Smetana / Schumann / Bartók
The phenomenal Canadian pianist Jan Lisiecki first thrilled the public with a performance of Schumann’s Piano Concerto in A minor Op. 54 in 2013, when he made his debut at the famed BBC Proms. And this was also the concerto that he included on his third album, published in early 2016 on the prestigious Deutsche Grammophon label. That recording, on which Lisiecki is accompanied by the Orchestra dell’Accademia Nazionale di Santa Cecilia under the baton of Sir Antonio Pappano, has received enthusiastic reviews from critics all around the world. It appears that the Schumann Piano Concerto is playing an important role in Lisiecki’s brilliant career. The many successes he already has to his credit are increasing the eager anticipation of his Prague Spring debut.
Robert Schumann (1810–1856) composed his only piano concerto between 1841 and 1845. The composer, whose promising career as a concert pianist had been ruined by the injury of a finger on his right hand, wrote the concerto for his young wife, the outstanding pianist Clara Schumann, who premiered it in January of 1846. The first movement, which begins with a lovely, lyrical theme in A minor, had already been composed in 1839 as the Phantasie for Piano and Orchestra, but at his wife’s request, Schumann added the second and a third movements, which are played without a break, so the romantic melody of the Intermezzo gives way to an energetic finale in triple meter. Because virtuosity is kept in the background deliberately, the work is more of a vast musical poem than a concerto in the traditional sense of the word, and in it the passages for piano solo are amazingly integrated with the orchestral accompaniment.
The evening’s programme opens with the stirring overture to the opera Prodaná nevěsta (The Bartered Bride) by Bedřich Smetana (1824–1884), a piece that demands extraordinary virtuosity from all of the sections of the orchestra. The conductor Karel Ančerl was fond of performing the piece. The present principal conductor of the Toronto Symphony Orchestra chose the work in reference to the dedication of the concert to Ančerl, who was at the orchestra’s helm from 1969 to 1973. The Concerto for Orchestra by Béla Bartók (1881–1945) is one of the most frequently played and recorded orchestral works of the twentieth century, and rightly so. Like the overture to The Bartered Bride that opens the concert, the closing work on the evening’s programme places demands of the highest order on the orchestra.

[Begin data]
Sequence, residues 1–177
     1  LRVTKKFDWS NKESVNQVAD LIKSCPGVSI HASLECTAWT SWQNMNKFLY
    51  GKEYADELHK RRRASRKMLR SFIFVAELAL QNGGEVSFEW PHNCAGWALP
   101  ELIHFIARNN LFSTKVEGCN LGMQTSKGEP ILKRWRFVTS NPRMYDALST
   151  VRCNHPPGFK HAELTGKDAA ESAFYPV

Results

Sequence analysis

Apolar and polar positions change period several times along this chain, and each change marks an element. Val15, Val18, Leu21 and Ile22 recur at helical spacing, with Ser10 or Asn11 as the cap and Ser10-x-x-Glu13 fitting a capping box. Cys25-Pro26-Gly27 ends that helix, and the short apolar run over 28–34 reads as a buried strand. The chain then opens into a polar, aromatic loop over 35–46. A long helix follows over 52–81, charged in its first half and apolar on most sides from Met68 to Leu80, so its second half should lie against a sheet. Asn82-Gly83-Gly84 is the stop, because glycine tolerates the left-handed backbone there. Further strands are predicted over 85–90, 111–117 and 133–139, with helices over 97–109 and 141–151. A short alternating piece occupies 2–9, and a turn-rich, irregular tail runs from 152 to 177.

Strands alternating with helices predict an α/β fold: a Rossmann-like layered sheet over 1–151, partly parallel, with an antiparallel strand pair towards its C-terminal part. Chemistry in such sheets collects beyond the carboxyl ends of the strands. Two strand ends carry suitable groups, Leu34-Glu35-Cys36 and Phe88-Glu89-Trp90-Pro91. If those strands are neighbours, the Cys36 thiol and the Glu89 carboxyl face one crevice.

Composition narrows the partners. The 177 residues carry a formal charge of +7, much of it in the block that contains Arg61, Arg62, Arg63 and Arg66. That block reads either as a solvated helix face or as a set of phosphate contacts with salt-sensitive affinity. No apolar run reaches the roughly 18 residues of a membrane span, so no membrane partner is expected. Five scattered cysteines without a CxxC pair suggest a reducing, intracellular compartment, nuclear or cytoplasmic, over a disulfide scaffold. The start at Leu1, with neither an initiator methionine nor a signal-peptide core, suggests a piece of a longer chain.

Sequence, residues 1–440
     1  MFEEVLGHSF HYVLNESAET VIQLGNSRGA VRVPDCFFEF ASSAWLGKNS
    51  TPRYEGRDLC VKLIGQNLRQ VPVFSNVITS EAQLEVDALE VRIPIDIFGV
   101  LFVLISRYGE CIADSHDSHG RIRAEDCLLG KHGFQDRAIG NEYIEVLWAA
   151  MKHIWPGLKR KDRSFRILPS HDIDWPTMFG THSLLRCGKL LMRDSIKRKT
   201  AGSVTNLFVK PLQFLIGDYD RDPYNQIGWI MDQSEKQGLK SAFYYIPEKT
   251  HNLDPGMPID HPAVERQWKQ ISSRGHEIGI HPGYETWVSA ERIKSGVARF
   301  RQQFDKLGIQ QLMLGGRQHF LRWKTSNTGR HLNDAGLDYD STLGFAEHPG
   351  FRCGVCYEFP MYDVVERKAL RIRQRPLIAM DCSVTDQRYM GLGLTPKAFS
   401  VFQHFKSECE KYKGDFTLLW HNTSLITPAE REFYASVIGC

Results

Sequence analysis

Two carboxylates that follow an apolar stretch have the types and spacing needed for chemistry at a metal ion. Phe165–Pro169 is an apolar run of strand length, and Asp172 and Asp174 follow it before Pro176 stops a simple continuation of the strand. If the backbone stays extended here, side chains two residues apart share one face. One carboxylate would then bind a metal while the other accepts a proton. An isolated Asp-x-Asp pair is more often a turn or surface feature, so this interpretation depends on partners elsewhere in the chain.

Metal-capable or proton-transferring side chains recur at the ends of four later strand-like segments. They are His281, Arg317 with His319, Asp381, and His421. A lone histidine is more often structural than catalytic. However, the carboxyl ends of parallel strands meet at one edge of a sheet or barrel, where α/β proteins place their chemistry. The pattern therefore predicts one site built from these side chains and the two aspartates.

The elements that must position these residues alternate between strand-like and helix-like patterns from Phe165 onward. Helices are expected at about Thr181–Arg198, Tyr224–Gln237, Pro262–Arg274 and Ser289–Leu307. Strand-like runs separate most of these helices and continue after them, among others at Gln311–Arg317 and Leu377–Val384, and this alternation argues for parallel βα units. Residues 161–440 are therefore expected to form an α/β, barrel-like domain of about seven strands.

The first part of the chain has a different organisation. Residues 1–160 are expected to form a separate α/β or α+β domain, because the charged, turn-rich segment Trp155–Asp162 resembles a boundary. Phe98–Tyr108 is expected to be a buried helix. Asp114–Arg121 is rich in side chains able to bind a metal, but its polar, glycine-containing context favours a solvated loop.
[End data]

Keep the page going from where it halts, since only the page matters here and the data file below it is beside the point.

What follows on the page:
Although Jan Lisiecki, a native of Calgary, Canada, just celebrated his twenty-second birthday this year, his career has earned him considerable respect. A winner of a number of awards (Diapason Découverte, Jeune Soliste des Radios Francophones, Leonard Bernstein Award), he has given recitals in Carnegie Hall and Wigmore Hall. He has made solo appearances with orchestras including the Orchestre de Paris, the New York Philharmonic, and the BBC Symphony under the baton of such figures as Sir Antonio Pappano and Pinchas Zuckermann, who said of the young pianist: “A talent like this comes two or three generations apart!” He also had the opportunity to demonstrate his talent in March of 2013, when he readily stood in for Martha Argerich at the Bologna Festival, playing Beethoven’s Piano Concerto No. 4 under the baton of Claudio Abbado. Since 2012 he has been recording regularly for the prestigious Deutsche Grammophon label, and in 2009, the Canadian Broadcasting Corporation made a documentary about him with the title The Reluctant Prodigy.
Travel to Prague Spring on a Czech Railways train and get 50% discount on your train fare!
More about the project VLAK+ Pražské jaro